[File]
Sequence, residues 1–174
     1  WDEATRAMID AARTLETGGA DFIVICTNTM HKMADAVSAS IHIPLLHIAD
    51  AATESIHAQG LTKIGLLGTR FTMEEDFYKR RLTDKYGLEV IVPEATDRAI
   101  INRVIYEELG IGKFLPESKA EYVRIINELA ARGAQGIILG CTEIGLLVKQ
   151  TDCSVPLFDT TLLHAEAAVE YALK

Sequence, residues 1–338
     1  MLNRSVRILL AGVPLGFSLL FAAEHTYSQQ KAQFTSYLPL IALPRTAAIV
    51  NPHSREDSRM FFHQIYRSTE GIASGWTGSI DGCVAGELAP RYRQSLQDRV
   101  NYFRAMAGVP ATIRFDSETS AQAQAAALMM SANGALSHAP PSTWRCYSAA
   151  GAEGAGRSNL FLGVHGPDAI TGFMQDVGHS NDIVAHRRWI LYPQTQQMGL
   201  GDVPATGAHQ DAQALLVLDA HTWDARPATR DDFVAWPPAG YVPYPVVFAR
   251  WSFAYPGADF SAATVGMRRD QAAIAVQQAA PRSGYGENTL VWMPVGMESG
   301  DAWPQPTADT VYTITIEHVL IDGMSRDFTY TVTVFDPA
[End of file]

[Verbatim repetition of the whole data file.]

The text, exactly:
Sequence, residues 1–174
     1  WDEATRAMID AARTLETGGA DFIVICTNTM HKMADAVSAS IHIPLLHIAD
    51  AATESIHAQG LTKIGLLGTR FTMEEDFYKR RLTDKYGLEV IVPEATDRAI
   101  INRVIYEELG IGKFLPESKA EYVRIINELA ARGAQGIILG CTEIGLLVKQ
   151  TDCSVPLFDT TLLHAEAAVE YALK

Sequence, residues 1–338
     1  MLNRSVRILL AGVPLGFSLL FAAEHTYSQQ KAQFTSYLPL IALPRTAAIV
    51  NPHSREDSRM FFHQIYRSTE GIASGWTGSI DGCVAGELAP RYRQSLQDRV
   101  NYFRAMAGVP ATIRFDSETS AQAQAAALMM SANGALSHAP PSTWRCYSAA
   151  GAEGAGRSNL FLGVHGPDAI TGFMQDVGHS NDIVAHRRWI LYPQTQQMGL
   201  GDVPATGAHQ DAQALLVLDA HTWDARPATR DDFVAWPPAG YVPYPVVFAR
   251  WSFAYPGADF SAATVGMRRD QAAIAVQQAA PRSGYGENTL VWMPVGMESG
   301  DAWPQPTADT VYTITIEHVL IDGMSRDFTY TVTVFDPA